Her larger-than-life persona turned her into an icon of the European elite and she was befriended by the likes of Roberto Bazlen, James Joyce, Umberto Saba and Italo Svevo, as well as Giorgio de Chirico, Dorothea Tanning and Ernst.
Vezzoli uses the show to retrace Fini’s career and how her personal relationships and love affairs were intertwined with her artistic expression. The show displays 60 of her artworks as well as pieces from other creative types she met.
Organized across the stucco-ed rooms of the gallery, the exhibit’s arrangement was developed to mirror Stanislao Lepri’s painting “La Chambre de Leonor,” or “Leonor’s Room,” ideally putting the audience at the heart of Fini’s career and personal life.
Courtesy of Riccardo Gasperoni /
David LaChapelle. I Believe in Miracles
Mudec museum, Via Tortona 56, Milan, until Sept. 11
Boasting a selection of previously unseen pictures and artworks spanning his 40-plus year career, the exhibition sheds a light on the most intimate and somewhat spiritual aspects of David LaChapelle.
The show, which was curated by Reiner Opoku and Denis Curti in tandem with LaChapelle’s studio, includes 90 images that spotlight the photographer’s distinctive blend of references to pop culture and the star system imbued with a spiritual undercurrent.
As the exhibition’s name suggests, the show aims to exalt LaChapelle’s thought-provoking art which questions our relationship with people, nature, consumerism, and spirituality. “A different world is possible. LaChapelle believes in miracles,” the curators said.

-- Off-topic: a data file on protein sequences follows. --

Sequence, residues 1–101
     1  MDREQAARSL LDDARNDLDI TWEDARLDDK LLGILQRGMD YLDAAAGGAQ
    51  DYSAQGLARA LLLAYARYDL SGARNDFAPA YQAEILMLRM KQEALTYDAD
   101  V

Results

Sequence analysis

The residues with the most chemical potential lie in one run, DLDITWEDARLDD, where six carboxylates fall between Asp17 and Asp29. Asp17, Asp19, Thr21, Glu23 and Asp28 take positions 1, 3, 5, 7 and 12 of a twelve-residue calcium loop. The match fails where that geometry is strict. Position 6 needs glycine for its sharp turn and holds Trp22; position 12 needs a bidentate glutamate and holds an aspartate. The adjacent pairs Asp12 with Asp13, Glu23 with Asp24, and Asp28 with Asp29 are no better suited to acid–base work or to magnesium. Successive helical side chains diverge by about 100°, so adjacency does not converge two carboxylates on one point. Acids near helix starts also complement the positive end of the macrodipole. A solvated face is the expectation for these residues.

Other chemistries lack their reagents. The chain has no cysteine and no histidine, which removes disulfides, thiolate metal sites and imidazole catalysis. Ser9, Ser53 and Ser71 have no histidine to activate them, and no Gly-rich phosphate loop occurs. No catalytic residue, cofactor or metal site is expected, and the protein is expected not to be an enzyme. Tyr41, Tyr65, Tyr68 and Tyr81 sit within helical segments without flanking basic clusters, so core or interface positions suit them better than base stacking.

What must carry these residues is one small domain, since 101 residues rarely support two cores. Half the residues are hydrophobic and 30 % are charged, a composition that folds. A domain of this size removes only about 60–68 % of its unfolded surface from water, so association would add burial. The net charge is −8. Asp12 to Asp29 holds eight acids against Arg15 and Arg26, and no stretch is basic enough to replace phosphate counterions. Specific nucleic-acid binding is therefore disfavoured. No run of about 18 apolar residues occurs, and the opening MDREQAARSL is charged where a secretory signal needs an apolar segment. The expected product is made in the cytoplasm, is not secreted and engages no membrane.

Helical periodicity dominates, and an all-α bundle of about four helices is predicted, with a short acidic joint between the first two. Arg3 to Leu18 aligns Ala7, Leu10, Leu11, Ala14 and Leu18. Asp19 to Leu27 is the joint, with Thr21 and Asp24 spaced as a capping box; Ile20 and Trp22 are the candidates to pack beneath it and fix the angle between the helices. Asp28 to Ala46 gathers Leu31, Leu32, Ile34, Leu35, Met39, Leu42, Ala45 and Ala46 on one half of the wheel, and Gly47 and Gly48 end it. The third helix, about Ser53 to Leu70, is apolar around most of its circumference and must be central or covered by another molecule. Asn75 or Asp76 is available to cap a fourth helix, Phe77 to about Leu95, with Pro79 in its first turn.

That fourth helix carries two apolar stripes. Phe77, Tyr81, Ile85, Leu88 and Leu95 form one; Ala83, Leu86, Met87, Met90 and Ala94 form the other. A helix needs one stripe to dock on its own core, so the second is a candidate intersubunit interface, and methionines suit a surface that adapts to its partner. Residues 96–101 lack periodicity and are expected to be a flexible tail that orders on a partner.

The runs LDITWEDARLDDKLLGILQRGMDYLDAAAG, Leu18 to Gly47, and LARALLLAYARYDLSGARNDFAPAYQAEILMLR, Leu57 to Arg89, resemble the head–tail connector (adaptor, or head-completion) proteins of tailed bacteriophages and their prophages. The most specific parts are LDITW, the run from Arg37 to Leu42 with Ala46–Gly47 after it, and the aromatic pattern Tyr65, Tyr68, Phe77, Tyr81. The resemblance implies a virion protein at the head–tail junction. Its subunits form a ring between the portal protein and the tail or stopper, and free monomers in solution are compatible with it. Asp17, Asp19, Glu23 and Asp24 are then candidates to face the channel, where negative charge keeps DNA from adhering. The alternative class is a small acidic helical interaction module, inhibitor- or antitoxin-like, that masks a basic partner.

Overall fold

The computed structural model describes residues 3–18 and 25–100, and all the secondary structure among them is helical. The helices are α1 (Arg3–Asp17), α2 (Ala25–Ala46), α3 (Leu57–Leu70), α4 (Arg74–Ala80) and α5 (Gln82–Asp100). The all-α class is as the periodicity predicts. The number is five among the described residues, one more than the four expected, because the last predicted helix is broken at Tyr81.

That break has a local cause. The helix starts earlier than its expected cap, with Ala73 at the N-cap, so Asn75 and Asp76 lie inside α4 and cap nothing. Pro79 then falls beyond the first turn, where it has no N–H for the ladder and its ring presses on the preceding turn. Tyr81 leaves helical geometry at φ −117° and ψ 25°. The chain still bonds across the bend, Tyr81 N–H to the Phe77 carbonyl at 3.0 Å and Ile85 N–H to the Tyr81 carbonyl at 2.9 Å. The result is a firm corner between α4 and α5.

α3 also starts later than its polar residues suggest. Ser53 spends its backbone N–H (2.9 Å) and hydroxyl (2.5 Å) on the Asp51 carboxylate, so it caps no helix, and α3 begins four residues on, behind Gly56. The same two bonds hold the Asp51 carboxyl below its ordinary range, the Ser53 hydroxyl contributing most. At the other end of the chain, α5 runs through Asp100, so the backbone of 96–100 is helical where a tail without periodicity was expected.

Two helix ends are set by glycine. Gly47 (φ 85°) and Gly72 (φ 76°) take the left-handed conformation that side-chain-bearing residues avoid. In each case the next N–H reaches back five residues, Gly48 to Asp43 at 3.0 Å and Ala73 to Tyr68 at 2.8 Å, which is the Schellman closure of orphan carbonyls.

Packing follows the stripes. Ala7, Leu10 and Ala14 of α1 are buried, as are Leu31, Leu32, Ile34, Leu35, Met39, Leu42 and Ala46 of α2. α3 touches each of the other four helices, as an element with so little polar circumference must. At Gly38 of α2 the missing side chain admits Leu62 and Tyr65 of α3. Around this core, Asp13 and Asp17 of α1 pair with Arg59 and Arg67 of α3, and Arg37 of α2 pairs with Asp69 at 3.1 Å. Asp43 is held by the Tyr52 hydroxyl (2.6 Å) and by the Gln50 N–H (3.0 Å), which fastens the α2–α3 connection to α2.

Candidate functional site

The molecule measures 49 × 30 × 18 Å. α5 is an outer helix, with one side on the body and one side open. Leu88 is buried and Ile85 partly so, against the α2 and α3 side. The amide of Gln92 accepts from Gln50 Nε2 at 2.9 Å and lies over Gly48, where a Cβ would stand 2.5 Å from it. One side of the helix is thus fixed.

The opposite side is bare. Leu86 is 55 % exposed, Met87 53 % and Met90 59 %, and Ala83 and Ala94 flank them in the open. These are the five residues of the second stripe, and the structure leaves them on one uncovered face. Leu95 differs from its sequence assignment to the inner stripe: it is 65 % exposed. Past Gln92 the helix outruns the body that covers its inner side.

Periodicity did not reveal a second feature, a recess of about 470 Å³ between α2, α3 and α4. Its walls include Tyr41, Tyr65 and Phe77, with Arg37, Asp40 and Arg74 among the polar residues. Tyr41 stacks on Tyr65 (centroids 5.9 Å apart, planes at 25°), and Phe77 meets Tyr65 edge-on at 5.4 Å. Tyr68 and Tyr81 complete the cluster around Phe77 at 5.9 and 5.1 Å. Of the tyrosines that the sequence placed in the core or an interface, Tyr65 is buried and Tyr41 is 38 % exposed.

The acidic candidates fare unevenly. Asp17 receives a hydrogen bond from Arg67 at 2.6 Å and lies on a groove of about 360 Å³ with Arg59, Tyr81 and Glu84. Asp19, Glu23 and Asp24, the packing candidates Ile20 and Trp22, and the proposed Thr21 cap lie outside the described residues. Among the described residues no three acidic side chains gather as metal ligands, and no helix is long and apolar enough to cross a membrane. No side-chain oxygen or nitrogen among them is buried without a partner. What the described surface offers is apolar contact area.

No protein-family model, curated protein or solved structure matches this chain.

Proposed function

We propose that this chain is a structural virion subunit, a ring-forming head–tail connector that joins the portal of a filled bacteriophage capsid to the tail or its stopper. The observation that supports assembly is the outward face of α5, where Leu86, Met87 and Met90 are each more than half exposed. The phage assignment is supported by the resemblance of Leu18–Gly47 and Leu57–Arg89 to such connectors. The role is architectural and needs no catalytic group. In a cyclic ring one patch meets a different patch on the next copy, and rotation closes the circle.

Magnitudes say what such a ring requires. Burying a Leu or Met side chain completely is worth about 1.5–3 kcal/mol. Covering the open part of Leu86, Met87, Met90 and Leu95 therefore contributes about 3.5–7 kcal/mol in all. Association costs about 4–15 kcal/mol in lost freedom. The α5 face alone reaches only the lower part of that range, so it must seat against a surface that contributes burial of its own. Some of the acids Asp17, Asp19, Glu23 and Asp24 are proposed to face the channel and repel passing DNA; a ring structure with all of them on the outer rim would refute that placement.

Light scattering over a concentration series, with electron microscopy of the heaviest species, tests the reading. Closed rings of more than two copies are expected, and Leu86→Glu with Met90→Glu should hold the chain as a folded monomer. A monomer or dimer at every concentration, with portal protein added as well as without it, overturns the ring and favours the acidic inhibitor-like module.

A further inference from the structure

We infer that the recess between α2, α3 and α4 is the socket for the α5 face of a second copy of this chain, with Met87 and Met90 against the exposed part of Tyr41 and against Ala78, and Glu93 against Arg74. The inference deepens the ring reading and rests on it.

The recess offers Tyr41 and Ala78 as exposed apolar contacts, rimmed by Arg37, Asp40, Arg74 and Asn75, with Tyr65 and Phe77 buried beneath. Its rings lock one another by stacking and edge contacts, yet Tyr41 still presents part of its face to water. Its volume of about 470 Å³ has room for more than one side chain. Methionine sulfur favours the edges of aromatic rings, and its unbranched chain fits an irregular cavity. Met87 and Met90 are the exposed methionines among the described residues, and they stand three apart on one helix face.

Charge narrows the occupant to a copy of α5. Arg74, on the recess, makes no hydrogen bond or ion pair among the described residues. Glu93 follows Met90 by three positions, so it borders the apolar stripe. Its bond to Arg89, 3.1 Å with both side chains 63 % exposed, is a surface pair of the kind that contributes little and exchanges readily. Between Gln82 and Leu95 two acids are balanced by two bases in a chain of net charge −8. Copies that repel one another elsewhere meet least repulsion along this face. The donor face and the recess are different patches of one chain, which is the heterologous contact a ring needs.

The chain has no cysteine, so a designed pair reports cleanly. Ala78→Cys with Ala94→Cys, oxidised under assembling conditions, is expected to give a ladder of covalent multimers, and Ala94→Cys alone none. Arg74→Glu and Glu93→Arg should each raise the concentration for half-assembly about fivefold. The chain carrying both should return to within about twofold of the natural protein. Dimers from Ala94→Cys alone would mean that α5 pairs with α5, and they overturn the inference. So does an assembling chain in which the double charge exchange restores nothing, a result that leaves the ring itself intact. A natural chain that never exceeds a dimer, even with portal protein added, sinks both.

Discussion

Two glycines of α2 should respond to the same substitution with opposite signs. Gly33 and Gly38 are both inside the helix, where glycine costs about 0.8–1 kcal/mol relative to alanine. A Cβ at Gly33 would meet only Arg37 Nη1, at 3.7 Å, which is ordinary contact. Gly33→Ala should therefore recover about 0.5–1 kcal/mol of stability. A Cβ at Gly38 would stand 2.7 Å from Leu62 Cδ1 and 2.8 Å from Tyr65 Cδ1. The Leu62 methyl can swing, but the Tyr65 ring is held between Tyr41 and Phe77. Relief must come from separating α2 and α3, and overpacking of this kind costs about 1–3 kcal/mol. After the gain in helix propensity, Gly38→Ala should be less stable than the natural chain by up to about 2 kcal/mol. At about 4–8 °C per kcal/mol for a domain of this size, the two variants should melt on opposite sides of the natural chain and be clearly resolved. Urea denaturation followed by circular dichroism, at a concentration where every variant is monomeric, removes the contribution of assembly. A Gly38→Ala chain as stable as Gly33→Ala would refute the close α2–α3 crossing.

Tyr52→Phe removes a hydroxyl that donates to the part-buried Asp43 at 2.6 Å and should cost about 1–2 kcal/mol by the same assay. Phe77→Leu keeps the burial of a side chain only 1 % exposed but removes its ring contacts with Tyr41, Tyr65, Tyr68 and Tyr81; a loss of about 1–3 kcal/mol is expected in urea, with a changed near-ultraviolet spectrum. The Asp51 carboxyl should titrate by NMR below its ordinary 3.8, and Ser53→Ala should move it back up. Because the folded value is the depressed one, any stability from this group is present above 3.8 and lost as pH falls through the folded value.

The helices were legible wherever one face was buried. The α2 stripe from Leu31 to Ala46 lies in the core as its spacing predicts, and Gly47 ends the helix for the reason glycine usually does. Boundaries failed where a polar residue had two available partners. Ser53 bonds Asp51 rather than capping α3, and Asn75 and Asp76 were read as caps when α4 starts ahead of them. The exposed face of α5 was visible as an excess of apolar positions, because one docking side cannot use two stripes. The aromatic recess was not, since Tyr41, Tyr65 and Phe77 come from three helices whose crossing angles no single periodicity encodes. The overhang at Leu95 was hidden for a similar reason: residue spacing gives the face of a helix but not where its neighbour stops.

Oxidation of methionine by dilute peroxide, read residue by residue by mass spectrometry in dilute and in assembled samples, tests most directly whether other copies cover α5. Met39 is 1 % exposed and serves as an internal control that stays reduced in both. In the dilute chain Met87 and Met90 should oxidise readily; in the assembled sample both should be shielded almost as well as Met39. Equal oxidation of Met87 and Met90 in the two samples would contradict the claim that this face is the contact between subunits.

Alongside photos that left a mark in pop culture’s collective imagination, such as “Deluge” from 2006 and the following series “After the Deluge,” both inspired by Rome’s Sistine Chapel, as well as “Land Scape” from 2013 with which the artist refuted anthropocentrism and explored the dysfunctional rapport of humanity with nature, the show includes a series of unseen images shot against the Hawaiian landscape over the past two pandemic years.
They represent the essence of the exhibit in that they are testament to the realistic and meditative attitude the artist has embraced as of late.
Courtesy of Jule Hering / Mudec
Richard Serra. 40 Balls
Cardi Gallery, Corso di Porta Nuova 38, Milan, until Aug. 5
Milan’s contemporary art institution Cardi Gallery has mounted an exhibition dedicated to San Francisco-born artist Richard Serra. The show displays 40 one-of-a-kind, unseen drawings purposefully created for the exhibit and arranged in the industrial-tinged space by the artist himself.
Largely known for his life-size steel sculptures contextualized in the urban landscape of cities including London, Berlin, Naples and Bilbao, the artworks seen at the gallery nod to Serra’s penchant for drawing, in which he explores the same key themes seen in his sculptures, such as time, materiality and processes.
The 40 paintings, each with their unique round-shaped mark, are made using a black paint stick which lends a tactile feel. The artist has been using the same technique for his drawings since 1971 and considers his painting a standalone production rather than preparatory sketches for his sculpture.
Courtesy of Paolo Regis / Cardi
Best of WWD